I feel like Each rendition of ‘Romeo and Juliet’ is the same but different in their own way. It’s as if each director puts their own twist on what it’s supposed to be, so each person that watches has a unique and different perspective and not the same thing over and over.
    2) Which version(s) appeal to you and why? Please explain.
    Romeo and Juliet 1997 is more appealing to me because they’re using guns and the environment is extremely different from what I had watched. Romeo and Juliet 1997 is more intense where Montague and Capulet are fighting back with guns. It’s just more exciting to watch, there’s more scenes that are related to our era
    3) Which version(s) bother you and why? Please explain.
    None of the versions bother me honestly, they all have their own style and that’s what makes them unique

    #76184

    Tatiana B.
    Participant

    1) What did you like about these clips? (Hopefully, they motivate you more to read the play which you may have read in school or avoided doing so…)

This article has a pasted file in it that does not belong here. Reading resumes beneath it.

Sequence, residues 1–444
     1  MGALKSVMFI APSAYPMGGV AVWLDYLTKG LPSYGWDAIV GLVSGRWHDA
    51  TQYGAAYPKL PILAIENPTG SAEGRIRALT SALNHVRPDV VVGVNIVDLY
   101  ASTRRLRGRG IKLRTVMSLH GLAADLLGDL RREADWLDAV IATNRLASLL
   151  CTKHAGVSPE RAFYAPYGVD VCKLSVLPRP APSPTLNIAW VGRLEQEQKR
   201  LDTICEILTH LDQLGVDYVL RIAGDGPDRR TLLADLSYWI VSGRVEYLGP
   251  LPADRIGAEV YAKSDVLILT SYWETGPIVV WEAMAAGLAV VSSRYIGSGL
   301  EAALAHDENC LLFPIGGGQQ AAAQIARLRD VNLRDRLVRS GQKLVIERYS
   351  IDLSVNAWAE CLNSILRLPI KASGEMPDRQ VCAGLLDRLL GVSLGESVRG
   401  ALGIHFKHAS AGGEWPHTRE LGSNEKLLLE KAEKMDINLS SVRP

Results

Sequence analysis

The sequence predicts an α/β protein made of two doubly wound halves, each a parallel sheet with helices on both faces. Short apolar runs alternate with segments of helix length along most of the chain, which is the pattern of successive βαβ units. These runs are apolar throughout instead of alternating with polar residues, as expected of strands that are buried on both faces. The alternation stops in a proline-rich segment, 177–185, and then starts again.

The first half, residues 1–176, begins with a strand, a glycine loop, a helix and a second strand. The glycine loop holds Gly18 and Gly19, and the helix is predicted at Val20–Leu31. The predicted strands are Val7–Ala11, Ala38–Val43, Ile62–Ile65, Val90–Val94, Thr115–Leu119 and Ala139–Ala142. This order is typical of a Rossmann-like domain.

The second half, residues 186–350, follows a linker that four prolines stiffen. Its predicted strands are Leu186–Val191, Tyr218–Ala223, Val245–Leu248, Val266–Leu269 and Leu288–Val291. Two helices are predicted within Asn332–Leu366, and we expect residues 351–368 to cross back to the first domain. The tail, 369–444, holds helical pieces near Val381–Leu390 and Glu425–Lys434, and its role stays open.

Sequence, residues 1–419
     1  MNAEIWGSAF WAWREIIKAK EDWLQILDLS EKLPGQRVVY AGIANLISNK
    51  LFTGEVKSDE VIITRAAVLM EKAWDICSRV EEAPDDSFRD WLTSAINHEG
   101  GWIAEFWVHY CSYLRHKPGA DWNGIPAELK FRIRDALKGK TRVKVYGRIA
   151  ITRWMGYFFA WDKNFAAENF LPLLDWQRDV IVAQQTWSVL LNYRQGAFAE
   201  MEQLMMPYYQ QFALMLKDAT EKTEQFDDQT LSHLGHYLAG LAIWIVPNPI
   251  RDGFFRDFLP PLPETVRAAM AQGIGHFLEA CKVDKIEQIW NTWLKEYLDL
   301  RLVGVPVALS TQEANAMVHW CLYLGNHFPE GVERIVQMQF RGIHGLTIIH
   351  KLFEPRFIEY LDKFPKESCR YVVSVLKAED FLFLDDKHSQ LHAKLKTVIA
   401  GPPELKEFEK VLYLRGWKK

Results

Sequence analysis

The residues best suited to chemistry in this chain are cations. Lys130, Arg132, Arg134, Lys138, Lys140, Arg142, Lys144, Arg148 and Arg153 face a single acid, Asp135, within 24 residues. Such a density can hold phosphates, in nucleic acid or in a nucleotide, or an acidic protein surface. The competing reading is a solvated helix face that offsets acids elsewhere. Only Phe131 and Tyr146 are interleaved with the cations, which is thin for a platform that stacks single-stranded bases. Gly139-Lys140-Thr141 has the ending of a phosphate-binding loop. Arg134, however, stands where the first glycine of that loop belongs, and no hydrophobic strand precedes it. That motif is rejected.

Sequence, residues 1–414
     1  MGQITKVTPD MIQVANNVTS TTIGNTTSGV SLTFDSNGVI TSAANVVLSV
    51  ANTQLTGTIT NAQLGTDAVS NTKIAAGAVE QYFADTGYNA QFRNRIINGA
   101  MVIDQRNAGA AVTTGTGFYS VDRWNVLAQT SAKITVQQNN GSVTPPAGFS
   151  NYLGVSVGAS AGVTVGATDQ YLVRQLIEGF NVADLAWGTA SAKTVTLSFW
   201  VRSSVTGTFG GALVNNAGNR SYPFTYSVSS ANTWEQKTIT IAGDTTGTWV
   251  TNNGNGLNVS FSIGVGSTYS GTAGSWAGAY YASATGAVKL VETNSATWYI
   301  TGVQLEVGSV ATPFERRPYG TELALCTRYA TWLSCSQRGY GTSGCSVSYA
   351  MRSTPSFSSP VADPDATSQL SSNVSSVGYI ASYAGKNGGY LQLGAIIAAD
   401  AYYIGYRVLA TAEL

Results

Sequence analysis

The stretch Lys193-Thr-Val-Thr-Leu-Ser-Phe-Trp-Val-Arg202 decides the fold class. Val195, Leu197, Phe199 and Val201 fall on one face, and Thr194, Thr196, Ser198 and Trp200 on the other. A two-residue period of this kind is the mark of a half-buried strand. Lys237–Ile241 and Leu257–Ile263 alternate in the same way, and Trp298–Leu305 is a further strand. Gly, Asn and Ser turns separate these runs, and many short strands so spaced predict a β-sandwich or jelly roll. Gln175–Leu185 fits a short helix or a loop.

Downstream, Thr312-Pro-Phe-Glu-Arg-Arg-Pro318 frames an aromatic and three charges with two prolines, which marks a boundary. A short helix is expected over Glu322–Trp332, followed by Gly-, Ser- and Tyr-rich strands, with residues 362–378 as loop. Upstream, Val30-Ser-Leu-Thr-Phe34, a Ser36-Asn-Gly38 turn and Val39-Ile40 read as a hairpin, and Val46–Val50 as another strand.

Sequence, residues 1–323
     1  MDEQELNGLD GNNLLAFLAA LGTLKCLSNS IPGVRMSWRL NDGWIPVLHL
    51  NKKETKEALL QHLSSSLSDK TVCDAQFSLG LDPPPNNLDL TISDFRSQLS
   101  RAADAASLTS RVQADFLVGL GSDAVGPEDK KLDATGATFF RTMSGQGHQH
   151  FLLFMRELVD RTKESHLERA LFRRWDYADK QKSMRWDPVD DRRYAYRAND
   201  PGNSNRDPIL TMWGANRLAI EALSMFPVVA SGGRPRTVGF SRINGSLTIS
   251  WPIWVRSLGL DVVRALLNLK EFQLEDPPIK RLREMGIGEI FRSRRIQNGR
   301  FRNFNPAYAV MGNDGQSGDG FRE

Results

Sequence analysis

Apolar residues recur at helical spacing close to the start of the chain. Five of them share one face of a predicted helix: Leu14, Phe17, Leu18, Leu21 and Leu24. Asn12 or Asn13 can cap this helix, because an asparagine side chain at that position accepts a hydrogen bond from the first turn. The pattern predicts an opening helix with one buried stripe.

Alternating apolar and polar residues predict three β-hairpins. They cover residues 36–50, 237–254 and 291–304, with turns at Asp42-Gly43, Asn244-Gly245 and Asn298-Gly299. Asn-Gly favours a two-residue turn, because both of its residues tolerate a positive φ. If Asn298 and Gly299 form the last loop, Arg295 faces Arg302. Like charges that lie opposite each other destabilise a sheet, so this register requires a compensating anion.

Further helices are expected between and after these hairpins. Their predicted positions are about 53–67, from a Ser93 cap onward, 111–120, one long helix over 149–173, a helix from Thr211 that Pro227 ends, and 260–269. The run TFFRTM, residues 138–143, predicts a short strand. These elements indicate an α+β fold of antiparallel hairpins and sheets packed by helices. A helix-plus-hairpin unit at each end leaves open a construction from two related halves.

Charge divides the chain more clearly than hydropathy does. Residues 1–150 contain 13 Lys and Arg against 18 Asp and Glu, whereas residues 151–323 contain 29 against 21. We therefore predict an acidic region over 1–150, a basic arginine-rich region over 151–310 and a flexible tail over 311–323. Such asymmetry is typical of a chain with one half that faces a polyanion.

It was evident each director attempted to remain consistent with Romeo and Juliet plot. Each director felt compelled to hone in on the fight scenes that would show the viewer the ongoing feud amongst the Montagues and the Capulets. Some of the scenes appear cringeworthy as the directors attempt to put their twist on the film.

    2) Which version(s) appeal to you and why? Please explain.

    The 1997 version of Romeo and Juliet appealed to me the most. I am sure it was due to the way the film was modernized. The use of guns instead of swords really helps to draw the viewer into the action of the film.

    3) Which version(s) bother you and why? Please explain.

    Neither of the films versions bothered me. I believe each were made in their respective time period and showcase the essence of the period in which the films were made. Each film is unique and add its own adaptation of the original play while remain true to the overall plot.